Amicar: How This Medication Works and Who It Can Benefit
Amicar (aminocaproic acid) belongs to a family of drugs called hemostatics or antifibrinolytic agents. Other names for this medication include:
- ε-aminocaproic acid
- ε-aminohexanoic acid
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How Is Amicar Supplied and Used?
Aminocaproic acid comes in the following preparations and strengths:
- Oral tablets (500 mg, 1000 mg)
- Oral liquid (1.25 g/5 ml)
- Solution for intravenous (IV) infusion (250 mg/ml)
Store at room temperature in a dry place.
Tablets: Take with or without food as directed by your physician.
Oral Liquid: Measure the liquid dose carefully using the measuring device that comes with the drug. Take with or without food as directed by your physician.
Store the intact vial at room temperature. Diluted solutions are stable at 39°F and 73°F for 7 days.
Your healthcare provider administers the IV solution by infusion, using NaCl injection 0.9%, dextrose injection 5%, or Ringer’s injection as a vehicle (diluent). The manufacturer does not recommend injecting the undiluted solution into the vein.
You will typically receive a higher dose during the first hour and a lower dose afterward. The treatment lasts for about 8 hours or until the bleeding is controlled.
How Does Amicar Work?
Your body reacts to an injury by stopping bleeding and repairing damaged tissues. While doing so, it is critical that you do not develop excessive blood clots; otherwise, they might obstruct blood flow in your vessels.
Numerous proteins and enzymes regulate this delicate bleeding-clotting mechanism. For example, a protein—fibrin—helps form blood clots. On the other hand, an enzyme called plasminogen dissolves fibrin clots to prevent excessive clotting in a process known as fibrinolysis.
Some people have unusually rapid fibrinolysis, putting them at a higher risk of bleeding-associated complications. Amicar works by delaying or stopping fibrinolysis. Hence, it is also known as an antifibrinolytic agent.
What Is Amicar Used to Treat?
- Acute bleeding (causes may include cardiac surgery, hematologic disorders, neoplastic disorders, abruptio placentae, hepatic cirrhosis, and urinary fibrinolysis).
- Extracorporeal membrane oxygenation, refractory bleeding (off-label use)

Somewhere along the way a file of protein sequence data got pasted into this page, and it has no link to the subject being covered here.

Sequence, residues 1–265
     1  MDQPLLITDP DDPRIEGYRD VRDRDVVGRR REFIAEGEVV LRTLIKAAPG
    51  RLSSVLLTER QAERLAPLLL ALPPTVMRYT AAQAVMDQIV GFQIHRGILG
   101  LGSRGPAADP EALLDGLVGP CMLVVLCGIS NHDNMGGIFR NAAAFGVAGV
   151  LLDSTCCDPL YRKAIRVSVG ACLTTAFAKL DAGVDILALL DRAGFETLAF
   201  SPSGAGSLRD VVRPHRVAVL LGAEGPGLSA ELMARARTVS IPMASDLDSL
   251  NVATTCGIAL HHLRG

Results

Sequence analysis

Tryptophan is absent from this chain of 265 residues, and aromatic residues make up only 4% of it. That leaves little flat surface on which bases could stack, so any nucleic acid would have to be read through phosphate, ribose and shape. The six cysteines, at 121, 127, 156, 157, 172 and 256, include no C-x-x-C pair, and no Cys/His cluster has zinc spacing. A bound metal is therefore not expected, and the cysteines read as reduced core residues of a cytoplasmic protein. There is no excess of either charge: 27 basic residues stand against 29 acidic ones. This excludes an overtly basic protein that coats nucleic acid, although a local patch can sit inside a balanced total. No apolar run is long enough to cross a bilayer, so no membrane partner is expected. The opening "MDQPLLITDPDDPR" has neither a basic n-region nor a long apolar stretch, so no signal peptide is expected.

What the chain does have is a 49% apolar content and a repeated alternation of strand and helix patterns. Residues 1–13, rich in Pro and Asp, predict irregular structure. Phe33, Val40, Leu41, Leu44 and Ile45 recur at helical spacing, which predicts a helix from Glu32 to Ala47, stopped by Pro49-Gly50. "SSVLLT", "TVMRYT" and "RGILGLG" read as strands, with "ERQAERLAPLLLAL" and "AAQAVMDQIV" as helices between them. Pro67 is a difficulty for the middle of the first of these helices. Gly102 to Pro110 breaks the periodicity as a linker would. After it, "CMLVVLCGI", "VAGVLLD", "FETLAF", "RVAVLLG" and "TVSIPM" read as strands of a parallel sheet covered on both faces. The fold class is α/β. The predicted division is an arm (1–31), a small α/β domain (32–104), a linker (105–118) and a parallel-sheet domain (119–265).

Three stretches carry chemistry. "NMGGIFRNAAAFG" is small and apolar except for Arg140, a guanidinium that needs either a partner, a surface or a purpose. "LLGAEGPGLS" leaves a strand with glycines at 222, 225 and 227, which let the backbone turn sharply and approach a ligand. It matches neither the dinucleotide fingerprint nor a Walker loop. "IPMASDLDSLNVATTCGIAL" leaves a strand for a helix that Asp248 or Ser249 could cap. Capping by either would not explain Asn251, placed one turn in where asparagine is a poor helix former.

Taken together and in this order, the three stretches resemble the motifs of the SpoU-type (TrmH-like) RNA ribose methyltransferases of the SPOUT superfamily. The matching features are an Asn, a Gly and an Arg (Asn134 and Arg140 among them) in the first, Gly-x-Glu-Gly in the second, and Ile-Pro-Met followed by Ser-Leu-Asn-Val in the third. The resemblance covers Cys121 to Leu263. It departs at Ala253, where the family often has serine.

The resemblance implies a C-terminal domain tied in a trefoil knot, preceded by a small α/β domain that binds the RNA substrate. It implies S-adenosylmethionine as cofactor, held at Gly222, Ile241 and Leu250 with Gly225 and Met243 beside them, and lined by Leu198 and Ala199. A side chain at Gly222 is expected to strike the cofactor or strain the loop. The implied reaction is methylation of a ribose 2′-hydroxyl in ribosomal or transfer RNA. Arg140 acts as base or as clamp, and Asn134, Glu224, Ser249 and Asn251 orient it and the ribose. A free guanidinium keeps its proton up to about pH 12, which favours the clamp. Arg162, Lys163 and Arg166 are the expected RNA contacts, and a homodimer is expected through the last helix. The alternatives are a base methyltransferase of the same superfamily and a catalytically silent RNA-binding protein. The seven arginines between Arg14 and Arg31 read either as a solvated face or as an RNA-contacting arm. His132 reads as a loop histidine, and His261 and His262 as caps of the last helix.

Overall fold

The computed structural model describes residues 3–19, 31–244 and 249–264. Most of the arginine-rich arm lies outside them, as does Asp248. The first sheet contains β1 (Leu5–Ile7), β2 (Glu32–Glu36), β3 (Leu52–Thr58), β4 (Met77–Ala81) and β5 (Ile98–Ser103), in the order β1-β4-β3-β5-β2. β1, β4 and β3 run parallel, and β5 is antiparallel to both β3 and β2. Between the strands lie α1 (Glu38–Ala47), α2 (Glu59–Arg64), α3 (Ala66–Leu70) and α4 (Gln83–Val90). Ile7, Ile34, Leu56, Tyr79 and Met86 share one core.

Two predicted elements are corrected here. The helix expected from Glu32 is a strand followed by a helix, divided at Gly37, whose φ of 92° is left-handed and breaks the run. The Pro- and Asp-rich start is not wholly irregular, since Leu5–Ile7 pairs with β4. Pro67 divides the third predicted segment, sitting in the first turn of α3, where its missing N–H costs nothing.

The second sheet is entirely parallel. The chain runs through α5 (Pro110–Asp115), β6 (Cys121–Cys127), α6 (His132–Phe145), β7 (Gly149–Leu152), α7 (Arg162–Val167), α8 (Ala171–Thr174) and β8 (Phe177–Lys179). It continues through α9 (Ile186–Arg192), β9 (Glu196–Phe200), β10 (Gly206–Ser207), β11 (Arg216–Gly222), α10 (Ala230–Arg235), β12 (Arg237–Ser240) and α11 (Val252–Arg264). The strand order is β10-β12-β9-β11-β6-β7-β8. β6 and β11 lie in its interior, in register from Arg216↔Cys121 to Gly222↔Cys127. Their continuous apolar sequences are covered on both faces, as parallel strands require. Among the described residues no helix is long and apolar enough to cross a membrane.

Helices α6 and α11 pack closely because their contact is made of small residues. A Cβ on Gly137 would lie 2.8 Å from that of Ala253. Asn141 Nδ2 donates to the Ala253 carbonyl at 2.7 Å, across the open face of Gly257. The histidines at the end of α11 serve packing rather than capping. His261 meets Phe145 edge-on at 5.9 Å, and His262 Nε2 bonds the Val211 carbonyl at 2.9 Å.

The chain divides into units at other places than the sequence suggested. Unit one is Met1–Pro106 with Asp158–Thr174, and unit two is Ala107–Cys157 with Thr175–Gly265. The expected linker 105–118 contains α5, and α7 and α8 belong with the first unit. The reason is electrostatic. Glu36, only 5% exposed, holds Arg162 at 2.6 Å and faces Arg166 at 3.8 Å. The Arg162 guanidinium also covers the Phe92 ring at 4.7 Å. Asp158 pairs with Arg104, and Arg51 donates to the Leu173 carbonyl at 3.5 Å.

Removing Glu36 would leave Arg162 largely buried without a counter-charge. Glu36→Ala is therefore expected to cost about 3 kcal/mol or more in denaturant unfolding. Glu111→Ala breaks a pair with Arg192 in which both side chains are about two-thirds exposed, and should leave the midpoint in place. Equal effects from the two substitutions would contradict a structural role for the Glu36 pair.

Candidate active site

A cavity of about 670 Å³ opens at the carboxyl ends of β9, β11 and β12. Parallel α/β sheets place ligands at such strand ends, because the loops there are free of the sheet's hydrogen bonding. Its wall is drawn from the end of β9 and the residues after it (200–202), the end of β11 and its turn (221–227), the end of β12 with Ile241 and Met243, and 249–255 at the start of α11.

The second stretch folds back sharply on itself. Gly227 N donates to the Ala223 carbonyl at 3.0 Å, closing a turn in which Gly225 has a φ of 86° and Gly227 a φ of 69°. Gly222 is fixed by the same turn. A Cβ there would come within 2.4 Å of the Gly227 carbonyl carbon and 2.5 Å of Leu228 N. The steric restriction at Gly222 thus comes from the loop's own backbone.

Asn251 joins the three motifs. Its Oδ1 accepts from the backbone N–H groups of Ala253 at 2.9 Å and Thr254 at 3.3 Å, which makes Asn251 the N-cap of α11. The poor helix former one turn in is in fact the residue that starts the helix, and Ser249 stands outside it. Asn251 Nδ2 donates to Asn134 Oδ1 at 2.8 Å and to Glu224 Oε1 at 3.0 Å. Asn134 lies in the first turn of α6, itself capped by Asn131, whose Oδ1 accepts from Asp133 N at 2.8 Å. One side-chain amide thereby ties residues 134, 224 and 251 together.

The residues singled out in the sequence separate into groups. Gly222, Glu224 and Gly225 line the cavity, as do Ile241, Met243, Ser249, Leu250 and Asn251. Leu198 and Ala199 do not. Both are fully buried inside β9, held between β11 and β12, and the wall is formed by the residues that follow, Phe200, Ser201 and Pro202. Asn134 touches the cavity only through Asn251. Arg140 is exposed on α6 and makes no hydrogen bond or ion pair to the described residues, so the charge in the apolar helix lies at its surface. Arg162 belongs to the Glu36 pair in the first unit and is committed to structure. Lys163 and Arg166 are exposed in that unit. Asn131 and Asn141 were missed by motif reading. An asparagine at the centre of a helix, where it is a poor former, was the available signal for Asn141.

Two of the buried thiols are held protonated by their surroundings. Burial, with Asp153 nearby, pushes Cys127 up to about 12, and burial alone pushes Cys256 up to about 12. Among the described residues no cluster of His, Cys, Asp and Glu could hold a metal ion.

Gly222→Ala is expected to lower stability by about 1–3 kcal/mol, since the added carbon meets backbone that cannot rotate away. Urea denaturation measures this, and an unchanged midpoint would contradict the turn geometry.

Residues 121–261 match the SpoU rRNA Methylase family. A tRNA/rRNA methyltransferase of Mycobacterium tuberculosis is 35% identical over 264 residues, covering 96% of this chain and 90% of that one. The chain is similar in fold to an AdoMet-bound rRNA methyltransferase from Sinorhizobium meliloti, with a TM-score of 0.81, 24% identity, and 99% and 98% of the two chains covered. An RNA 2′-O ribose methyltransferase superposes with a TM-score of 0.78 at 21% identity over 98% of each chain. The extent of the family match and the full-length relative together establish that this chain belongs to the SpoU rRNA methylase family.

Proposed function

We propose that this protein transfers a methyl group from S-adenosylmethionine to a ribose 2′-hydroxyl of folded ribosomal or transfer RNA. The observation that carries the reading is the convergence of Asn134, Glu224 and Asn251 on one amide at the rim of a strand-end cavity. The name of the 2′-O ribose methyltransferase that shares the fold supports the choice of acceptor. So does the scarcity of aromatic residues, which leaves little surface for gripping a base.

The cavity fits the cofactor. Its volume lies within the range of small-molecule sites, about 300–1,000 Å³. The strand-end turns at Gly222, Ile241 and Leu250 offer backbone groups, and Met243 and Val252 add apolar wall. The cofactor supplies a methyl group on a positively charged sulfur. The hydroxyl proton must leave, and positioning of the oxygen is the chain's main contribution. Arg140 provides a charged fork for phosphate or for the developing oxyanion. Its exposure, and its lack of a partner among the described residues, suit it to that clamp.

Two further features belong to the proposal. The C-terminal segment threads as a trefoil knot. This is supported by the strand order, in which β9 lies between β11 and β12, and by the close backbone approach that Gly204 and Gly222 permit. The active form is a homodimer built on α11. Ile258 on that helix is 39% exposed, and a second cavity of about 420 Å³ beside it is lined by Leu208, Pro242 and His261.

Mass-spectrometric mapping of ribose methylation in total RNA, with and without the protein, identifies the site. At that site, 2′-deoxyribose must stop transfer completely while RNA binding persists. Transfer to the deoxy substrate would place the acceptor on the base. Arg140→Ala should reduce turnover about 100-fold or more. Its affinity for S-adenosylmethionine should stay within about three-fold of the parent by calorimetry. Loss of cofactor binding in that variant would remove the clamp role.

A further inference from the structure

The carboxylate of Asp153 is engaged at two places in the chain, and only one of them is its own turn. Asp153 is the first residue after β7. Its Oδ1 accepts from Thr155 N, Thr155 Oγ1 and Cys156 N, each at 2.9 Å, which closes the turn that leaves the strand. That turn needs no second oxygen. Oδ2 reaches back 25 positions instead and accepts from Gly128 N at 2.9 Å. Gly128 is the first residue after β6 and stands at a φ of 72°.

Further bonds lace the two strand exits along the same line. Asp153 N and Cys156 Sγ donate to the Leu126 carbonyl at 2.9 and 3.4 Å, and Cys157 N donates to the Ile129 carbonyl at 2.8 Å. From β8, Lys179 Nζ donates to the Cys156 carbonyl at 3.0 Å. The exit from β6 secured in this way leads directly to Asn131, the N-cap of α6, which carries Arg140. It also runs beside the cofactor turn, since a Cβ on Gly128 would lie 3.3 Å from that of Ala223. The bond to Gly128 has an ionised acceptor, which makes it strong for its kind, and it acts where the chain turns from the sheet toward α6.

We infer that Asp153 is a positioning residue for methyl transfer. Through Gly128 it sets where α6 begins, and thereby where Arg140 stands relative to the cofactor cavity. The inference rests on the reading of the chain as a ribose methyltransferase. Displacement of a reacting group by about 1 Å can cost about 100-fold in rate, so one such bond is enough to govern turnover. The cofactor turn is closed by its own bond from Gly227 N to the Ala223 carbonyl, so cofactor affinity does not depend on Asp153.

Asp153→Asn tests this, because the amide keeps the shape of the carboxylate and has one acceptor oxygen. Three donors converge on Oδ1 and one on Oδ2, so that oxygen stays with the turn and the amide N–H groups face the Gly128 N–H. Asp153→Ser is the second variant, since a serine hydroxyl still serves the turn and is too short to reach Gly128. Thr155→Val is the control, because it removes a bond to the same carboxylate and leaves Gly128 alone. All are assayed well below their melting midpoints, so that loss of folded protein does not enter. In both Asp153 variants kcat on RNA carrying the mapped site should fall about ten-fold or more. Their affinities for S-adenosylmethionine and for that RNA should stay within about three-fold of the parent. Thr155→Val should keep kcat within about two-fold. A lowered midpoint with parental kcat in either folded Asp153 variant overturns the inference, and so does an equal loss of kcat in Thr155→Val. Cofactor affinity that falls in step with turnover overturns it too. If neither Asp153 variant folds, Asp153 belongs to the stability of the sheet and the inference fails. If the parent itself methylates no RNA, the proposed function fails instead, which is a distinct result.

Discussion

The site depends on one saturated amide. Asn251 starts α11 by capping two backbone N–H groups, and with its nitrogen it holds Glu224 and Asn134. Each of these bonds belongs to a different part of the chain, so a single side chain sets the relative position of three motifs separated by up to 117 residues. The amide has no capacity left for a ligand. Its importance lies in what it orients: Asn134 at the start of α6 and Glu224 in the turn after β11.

- Intracranial hemorrhage associated with thrombolytic treatment (off-label use)
- Mouth and mucosal bleeding in patients with hemostatic defects
- Perioperative prevention of blood loss and transfusion (off-label use)
- Thrombocytopenia (off-label use)
Amicar is well tolerated, though some users may experience severe side effects.
Mild side effects
Mild side effects usually go away as the treatment progresses. However, call your doctor if any of them are severe or persist. Mild side effects include:
- Stomach pain
- Pain at the injection site
- Itchy skin
- Feeling of illness
- Nose stuffiness
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Severe side effects
Call your doctor immediately if you experience:
- Hallucinations (experiencing things that do not exist)
- Swollen arms, hands, feet, ankles, or lower legs
- Blurred vision
- Ringing in the ears
- Hives or rashes
- Difficulty breathing or swallowing
- Muscle weakness
- Shortness of breath
- Rapid breathing
- Chest pain
- Excessive sweating
- Sudden weakness, numbness, or coldness in an arm or leg
- Slowed speech
- Irregular heartbeat
- Coughing up blood
- Decreased urine output or brown urine
Use in Pregnancy and Lactation
There is no animal or human data to assess the risks associated with use during pregnancy or breastfeeding. Nonetheless, your doctor may prescribe this drug if clearly needed.
How Much Does Amicar Cost?
The price may vary depending on your insurance, location, and the pharmacy you visit. Click here to learn about the prices of Amicar and its generic versions.
Warning: Amicar injection contains benzyl alcohol as a preservative and is not recommended for use in newborns.
This information is not a substitute for medical advice or treatment. Talk to your doctor or healthcare provider about your medical condition prior to starting any new treatment. AmeriPharma Specialty Care assumes no liability whatsoever for the information provided or for any diagnosis or treatment made as a result, nor is it responsible for the reliability of the content.
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Mariam Agaiby, Rph is originally from Egypt and has been a practicing pharmacist for 15 years. She attended college at Faculty of Pharmacy Mansoura University in 2006 and completed her residency at Central Hospital and Dermatology Hospital. The most rewarding part of her job is forming close relationships with her patients where they know they can rely on her. In her free time, she loves singing, dancing, and making others smile.